NEW ORLEANS — The monitor overseeing court-ordered reform efforts at the violent and unsanitary New Orleans jail says progress is slow, while inmates and staff at the lockup "continue to face grave harm."
A report filed by the monitor in federal court Tuesday noted that 361 out of about 2,000 inmates required emergency medical care in the first six months of this year and that 200 of them were injured due to fights with other inmates, self-inflicted harm or an unspecified event.
The monitor said mental health care is "virtually non-existent" at the jail while fire safety and sanitation problems remain.
It says compliance efforts by the sheriff are disorganized. It stressed the need for the Orleans Parish Sheriff's Office, which runs the jail, to reach agreement with the city on how to fund the reforms.
"The Sheriff and the City need to agree on current year and future years' funding for the jail's operations; as well as the budget process," said the report from a monitoring team headed by corrections expert Susan W. McCampbell. "The current strategy of going from crisis to crisis does not further the objectives of either party, removes focus from the safe operation of the jail, and wastes the scarce resources of both parties."
Sheriff Marlin Gusman issued a one-page news release Tuesday afternoon, saying he's committed to the court-ordered reforms.
McCampbell is monitoring compliance with an agreement U.S. District Judge Lance Africk approved last year to settle a lawsuit by inmates and the U.S. Justice Department against Gusman over conditions at the jail, formally known as Orleans Parish Prison. Before and after the agreement was approved, New Orleans Mayor Mitch Landrieu and the sheriff sparred over its costs and Gusman's management of the facility. During proceedings last year, the court released an inmate-made video showing blatant drug use and the brandishing of a loaded gun in a now-closed section of the jail complex.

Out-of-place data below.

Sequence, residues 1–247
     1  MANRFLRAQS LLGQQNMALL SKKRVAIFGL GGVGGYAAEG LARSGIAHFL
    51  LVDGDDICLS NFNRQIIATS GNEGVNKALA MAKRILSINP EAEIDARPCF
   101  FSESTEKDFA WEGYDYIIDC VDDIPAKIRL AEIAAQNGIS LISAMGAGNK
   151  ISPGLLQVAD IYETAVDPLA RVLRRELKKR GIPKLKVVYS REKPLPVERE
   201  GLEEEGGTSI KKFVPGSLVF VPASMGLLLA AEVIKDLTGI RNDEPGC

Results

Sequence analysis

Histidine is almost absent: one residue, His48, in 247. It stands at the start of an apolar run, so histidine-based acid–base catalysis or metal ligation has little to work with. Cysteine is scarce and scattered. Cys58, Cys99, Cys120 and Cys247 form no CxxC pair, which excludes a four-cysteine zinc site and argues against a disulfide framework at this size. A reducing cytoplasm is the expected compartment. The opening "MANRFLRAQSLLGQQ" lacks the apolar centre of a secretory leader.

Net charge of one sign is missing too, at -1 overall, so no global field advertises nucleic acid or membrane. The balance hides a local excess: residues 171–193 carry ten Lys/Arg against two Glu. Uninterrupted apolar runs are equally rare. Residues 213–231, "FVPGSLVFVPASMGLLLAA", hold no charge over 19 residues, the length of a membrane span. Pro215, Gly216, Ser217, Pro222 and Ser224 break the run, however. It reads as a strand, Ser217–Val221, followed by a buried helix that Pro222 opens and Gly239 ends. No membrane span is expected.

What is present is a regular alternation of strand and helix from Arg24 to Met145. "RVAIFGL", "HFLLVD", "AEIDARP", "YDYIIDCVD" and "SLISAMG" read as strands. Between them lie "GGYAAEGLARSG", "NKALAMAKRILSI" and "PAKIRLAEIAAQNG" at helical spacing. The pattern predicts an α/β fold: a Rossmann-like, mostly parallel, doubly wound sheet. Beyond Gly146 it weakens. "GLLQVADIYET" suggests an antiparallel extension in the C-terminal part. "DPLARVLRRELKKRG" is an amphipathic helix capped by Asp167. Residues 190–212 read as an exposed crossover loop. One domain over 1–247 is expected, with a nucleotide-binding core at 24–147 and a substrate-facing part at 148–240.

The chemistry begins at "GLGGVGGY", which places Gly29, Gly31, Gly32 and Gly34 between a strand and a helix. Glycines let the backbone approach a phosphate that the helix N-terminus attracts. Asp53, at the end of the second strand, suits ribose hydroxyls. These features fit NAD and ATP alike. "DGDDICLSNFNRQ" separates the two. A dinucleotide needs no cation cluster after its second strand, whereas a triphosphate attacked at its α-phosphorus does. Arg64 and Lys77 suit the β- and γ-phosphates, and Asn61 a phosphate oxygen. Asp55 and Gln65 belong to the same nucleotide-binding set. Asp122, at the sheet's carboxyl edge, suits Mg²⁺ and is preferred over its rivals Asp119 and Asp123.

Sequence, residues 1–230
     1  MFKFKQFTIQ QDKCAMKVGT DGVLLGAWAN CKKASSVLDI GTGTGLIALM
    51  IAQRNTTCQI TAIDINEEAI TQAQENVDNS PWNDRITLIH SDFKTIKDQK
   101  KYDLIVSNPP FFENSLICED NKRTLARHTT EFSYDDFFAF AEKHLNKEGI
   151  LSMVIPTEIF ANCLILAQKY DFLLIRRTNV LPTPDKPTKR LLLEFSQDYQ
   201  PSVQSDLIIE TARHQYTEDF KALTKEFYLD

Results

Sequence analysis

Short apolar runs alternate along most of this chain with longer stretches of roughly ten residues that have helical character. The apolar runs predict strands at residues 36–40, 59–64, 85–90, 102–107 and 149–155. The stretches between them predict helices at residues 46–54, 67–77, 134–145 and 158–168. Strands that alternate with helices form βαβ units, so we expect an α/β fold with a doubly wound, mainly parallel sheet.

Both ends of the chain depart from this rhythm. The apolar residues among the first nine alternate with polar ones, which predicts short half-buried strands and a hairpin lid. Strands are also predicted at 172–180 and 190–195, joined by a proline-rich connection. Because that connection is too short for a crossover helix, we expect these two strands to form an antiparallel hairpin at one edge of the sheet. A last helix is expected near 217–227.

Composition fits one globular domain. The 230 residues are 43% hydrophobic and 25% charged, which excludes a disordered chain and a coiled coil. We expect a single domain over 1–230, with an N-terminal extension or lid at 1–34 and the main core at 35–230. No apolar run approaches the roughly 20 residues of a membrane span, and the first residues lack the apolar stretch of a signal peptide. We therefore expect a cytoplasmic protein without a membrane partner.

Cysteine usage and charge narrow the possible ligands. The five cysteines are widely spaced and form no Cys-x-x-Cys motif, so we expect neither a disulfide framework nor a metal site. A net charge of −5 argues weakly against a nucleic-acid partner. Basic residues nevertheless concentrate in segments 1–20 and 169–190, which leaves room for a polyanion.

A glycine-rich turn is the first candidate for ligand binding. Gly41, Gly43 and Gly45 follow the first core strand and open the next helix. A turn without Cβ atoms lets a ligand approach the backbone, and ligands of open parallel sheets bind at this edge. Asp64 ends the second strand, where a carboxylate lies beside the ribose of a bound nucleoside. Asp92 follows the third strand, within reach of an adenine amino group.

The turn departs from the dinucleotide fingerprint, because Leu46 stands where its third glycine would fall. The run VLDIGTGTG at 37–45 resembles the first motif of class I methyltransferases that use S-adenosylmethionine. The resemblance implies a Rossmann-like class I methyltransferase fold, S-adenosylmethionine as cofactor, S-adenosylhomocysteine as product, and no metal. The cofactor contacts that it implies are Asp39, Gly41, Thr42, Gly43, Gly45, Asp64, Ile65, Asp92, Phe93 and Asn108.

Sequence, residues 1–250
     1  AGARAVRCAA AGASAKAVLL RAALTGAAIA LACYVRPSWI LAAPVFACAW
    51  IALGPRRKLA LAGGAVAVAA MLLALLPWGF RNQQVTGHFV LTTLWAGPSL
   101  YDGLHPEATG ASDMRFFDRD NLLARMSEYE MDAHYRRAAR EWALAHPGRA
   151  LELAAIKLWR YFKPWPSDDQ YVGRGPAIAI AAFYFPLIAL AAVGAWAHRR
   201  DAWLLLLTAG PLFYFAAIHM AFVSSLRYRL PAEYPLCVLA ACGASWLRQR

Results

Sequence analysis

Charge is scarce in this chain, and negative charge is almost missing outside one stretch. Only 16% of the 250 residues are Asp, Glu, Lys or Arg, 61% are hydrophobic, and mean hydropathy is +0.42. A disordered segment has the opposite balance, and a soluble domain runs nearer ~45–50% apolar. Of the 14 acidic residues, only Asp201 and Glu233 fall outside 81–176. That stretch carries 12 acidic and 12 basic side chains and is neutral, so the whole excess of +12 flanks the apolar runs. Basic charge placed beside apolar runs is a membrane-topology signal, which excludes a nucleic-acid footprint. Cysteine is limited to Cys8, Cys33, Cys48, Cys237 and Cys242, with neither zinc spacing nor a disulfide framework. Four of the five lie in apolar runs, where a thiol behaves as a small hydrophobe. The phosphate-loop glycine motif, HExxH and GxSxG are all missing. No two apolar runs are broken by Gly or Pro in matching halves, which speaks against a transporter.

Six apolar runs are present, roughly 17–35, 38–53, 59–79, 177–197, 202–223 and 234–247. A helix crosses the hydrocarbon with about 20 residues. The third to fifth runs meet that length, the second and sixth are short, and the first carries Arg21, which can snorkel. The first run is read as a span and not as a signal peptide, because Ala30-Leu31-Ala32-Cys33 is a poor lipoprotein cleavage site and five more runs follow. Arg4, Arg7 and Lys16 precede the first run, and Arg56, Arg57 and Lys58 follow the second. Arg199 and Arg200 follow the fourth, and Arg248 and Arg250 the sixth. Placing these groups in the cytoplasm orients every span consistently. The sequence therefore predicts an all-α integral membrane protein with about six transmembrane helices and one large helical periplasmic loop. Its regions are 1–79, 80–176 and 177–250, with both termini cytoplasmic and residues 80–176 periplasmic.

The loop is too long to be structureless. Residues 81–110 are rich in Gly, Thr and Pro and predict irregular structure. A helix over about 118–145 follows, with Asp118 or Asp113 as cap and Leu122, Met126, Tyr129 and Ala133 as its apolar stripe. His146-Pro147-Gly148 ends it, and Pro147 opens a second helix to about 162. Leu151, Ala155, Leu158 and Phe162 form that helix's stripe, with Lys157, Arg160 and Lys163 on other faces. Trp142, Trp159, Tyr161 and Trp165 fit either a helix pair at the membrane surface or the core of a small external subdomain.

Tuesday's report was McCampbell's second. She said some progress has been made but the Sheriff's Office has not made "substantial changes" since the first report in February. She was critical of Gusman's failure to hire human-resources professionals to develop salary structures and job descriptions. She said the process has stalled and she stressed the necessity of planning for staffing a new jail facility that is nearing completion, which Gusman has said will go a long way toward correcting problems at the jail.
McCampbell's report also said that the Sheriff's Office isn't reporting to the monitor all serious incidents involving inmate harm, as required under the court agreement. She also said it is unclear whether all such incidents are reported to top jail officials.
Sheriff's Office officials and the city should step up efforts to hire and fund a vendor to provide mental-health services for inmates, the report said. "The Monitors note that there is work underway ... but not at a pace or with the sense of urgency required given the tasks at hand, the danger to the inmates and staff, and the reforms required," it said.
Gusman's statement did not address all of McCampbell's points. However, he did say his office is in final negotiations to contract with a new mental-health and medical-care provider. He also noted the hiring of a compliance officer who will help speed up the reforms, and said a team is working to aid the agency's transition to a new inmate housing building. The building will open later this year, the statement said.